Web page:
THE NSW Teachers Federation is continuing its fight to save the jobs of educators at correctional facilities in the region.
A protest took place outside the Upper Hunter MP Michael Johnsen’s Muswellbrook office on Wednesday evening to highlight the plight of those mentors set to be displaced at St Heliers and Cessnock.
The NSW Government plans to expunge 132.5 of 152.5 full-time teaching roles throughout the state – 85 per cent – to make way for clerks and private-provider trainers to run education in prisons.
At St Heliers, near Muswellbrook, four qualified permanent roles will be deleted while 9.5 are slated to go at Cessnock, being replaced by two and four clerical positions respectively.
“It’s totally unacceptable,” organiser Rob Long said.
“The [local] teachers received their voluntary redundancy notices on Tuesday.
“So, we’re calling on the government to reverse its decision to sack them.
“Hunter TAFE and school teachers initiated the action.
“But, the impacts [of the government’s stance] have far greater consequences.
“Lowering educational standards by replacing qualified teachers with non-teachers will not help prisoners turn their lives around.
“And, a number of programs will be affected [by the decision].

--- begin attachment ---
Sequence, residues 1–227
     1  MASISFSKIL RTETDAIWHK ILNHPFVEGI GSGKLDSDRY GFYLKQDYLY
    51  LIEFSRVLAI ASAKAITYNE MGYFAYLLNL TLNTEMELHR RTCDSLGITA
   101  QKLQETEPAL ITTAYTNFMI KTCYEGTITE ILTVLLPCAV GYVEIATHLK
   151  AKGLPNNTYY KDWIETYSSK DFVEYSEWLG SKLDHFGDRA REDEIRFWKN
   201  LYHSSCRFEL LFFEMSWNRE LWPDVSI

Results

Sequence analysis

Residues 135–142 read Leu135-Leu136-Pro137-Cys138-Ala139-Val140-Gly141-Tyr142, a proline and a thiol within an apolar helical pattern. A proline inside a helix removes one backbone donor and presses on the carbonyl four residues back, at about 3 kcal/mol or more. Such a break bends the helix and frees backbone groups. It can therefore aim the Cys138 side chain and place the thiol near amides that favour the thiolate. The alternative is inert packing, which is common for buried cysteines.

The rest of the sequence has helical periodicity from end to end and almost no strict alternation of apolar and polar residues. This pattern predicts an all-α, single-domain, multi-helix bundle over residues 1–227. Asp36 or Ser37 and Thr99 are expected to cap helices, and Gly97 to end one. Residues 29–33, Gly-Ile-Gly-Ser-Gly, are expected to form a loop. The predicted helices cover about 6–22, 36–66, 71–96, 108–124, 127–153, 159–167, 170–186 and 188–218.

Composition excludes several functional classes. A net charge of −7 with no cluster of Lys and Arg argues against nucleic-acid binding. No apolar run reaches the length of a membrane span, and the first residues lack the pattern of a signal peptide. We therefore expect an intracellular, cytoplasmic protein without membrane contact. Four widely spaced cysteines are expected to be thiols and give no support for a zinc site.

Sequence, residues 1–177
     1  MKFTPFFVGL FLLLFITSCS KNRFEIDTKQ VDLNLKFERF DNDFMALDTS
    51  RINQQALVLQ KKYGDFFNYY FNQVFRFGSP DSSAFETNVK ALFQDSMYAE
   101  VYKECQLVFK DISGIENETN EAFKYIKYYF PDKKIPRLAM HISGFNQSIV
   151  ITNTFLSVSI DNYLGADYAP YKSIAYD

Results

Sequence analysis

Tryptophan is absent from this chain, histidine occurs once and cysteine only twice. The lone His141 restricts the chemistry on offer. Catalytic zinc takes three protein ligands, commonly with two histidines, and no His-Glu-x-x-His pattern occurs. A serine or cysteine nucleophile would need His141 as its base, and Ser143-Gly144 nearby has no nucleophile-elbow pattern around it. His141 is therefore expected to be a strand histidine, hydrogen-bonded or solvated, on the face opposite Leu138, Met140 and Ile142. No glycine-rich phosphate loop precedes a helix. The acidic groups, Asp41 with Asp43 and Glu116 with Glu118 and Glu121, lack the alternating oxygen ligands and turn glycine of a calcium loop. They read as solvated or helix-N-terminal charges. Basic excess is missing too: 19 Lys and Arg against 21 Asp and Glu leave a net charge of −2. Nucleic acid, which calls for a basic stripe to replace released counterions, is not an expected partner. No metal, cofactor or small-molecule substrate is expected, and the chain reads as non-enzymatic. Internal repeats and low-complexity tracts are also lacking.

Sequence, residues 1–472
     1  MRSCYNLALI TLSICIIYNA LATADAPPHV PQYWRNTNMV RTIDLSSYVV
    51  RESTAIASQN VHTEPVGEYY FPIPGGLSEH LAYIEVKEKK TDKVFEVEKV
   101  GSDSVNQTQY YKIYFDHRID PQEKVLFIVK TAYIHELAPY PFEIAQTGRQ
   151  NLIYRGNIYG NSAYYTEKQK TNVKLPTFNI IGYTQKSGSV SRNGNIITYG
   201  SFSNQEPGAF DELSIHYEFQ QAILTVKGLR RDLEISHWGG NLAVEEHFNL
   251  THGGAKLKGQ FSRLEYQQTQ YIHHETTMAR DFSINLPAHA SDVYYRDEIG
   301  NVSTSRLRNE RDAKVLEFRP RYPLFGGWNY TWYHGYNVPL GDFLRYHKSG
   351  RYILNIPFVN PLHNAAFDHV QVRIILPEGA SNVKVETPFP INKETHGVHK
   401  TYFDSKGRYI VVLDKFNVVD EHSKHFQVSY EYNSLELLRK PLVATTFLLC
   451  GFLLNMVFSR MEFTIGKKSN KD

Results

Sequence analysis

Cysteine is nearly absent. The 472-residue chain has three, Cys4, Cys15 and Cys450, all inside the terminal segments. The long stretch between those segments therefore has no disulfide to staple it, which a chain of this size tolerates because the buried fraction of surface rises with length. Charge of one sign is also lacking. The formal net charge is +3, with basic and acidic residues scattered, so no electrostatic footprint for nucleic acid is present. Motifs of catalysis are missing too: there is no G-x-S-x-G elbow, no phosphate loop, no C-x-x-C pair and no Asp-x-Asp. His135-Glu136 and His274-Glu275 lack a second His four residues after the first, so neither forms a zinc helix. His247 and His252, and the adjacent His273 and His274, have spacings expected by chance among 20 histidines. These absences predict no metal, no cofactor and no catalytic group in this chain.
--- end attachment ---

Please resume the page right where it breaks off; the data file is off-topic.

“High-quality education is essential for prisoners to develop the skills and motivation to gain employment and contribute positively to our society as law-abiding citizens.
“They’ll be an asset to the community and totally employable.”
Mr Long said more than 150 hours of education, per week, were currently available for prisoners at St Heliers and Cessnock.
“The inmates have expressed their disappointment,” he explained.
“They’re very concerned what will happen to them if this [decision] goes ahead.
“At St Heliers, two non-qualified positions will be created to administer education at the facility but not to teach.
“There is a tender process happening now to provide training.
“At the moment, 50 hours per week are delivered by the permanent teachers of foundation literacy, numeracy and IT.
“Other vocational courses are provided by TAFE.
“At Cessnock, it’s even worse – 100 hours per week are being delivered by the permanent teachers.
“Now, the government is talking about creating four non-qualified roles.
“How will that assist people to function again within their community?”
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